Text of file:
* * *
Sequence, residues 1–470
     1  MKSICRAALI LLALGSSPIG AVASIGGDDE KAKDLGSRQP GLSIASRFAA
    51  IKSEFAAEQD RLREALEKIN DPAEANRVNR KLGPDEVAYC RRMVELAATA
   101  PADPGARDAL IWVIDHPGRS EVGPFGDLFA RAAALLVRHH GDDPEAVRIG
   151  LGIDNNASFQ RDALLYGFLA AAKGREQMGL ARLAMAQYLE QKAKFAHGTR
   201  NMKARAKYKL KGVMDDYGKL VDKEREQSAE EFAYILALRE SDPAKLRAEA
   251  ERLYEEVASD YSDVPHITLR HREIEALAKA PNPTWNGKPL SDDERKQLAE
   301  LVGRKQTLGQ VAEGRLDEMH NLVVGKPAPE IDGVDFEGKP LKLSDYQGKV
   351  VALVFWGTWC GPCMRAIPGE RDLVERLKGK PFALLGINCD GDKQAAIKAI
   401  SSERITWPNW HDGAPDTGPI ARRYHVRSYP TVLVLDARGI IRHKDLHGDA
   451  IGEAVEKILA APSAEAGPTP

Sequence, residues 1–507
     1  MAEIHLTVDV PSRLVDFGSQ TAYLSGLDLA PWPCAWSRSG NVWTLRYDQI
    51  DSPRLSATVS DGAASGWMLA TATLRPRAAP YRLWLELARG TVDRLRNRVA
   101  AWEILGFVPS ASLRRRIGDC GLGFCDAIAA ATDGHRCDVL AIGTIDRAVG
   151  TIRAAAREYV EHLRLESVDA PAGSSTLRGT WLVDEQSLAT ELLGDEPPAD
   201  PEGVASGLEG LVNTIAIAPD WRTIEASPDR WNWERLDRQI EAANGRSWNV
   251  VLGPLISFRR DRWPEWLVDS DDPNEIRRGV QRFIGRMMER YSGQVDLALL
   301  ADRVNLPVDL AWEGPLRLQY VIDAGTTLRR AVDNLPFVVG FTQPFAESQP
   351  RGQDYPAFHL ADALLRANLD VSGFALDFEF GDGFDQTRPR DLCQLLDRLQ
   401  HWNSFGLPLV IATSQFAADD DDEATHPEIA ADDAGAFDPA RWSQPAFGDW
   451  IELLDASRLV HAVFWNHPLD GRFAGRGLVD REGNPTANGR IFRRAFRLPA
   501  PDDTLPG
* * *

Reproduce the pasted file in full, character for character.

Sequence, residues 1–470
     1  MKSICRAALI LLALGSSPIG AVASIGGDDE KAKDLGSRQP GLSIASRFAA
    51  IKSEFAAEQD RLREALEKIN DPAEANRVNR KLGPDEVAYC RRMVELAATA
   101  PADPGARDAL IWVIDHPGRS EVGPFGDLFA RAAALLVRHH GDDPEAVRIG
   151  LGIDNNASFQ RDALLYGFLA AAKGREQMGL ARLAMAQYLE QKAKFAHGTR
   201  NMKARAKYKL KGVMDDYGKL VDKEREQSAE EFAYILALRE SDPAKLRAEA
   251  ERLYEEVASD YSDVPHITLR HREIEALAKA PNPTWNGKPL SDDERKQLAE
   301  LVGRKQTLGQ VAEGRLDEMH NLVVGKPAPE IDGVDFEGKP LKLSDYQGKV
   351  VALVFWGTWC GPCMRAIPGE RDLVERLKGK PFALLGINCD GDKQAAIKAI
   401  SSERITWPNW HDGAPDTGPI ARRYHVRSYP TVLVLDARGI IRHKDLHGDA
   451  IGEAVEKILA APSAEAGPTP

Sequence, residues 1–507
     1  MAEIHLTVDV PSRLVDFGSQ TAYLSGLDLA PWPCAWSRSG NVWTLRYDQI
    51  DSPRLSATVS DGAASGWMLA TATLRPRAAP YRLWLELARG TVDRLRNRVA
   101  AWEILGFVPS ASLRRRIGDC GLGFCDAIAA ATDGHRCDVL AIGTIDRAVG
   151  TIRAAAREYV EHLRLESVDA PAGSSTLRGT WLVDEQSLAT ELLGDEPPAD
   201  PEGVASGLEG LVNTIAIAPD WRTIEASPDR WNWERLDRQI EAANGRSWNV
   251  VLGPLISFRR DRWPEWLVDS DDPNEIRRGV QRFIGRMMER YSGQVDLALL
   301  ADRVNLPVDL AWEGPLRLQY VIDAGTTLRR AVDNLPFVVG FTQPFAESQP
   351  RGQDYPAFHL ADALLRANLD VSGFALDFEF GDGFDQTRPR DLCQLLDRLQ
   401  HWNSFGLPLV IATSQFAADD DDEATHPEIA ADDAGAFDPA RWSQPAFGDW
   451  IELLDASRLV HAVFWNHPLD GRFAGRGLVD REGNPTANGR IFRRAFRLPA
   501  PDDTLPG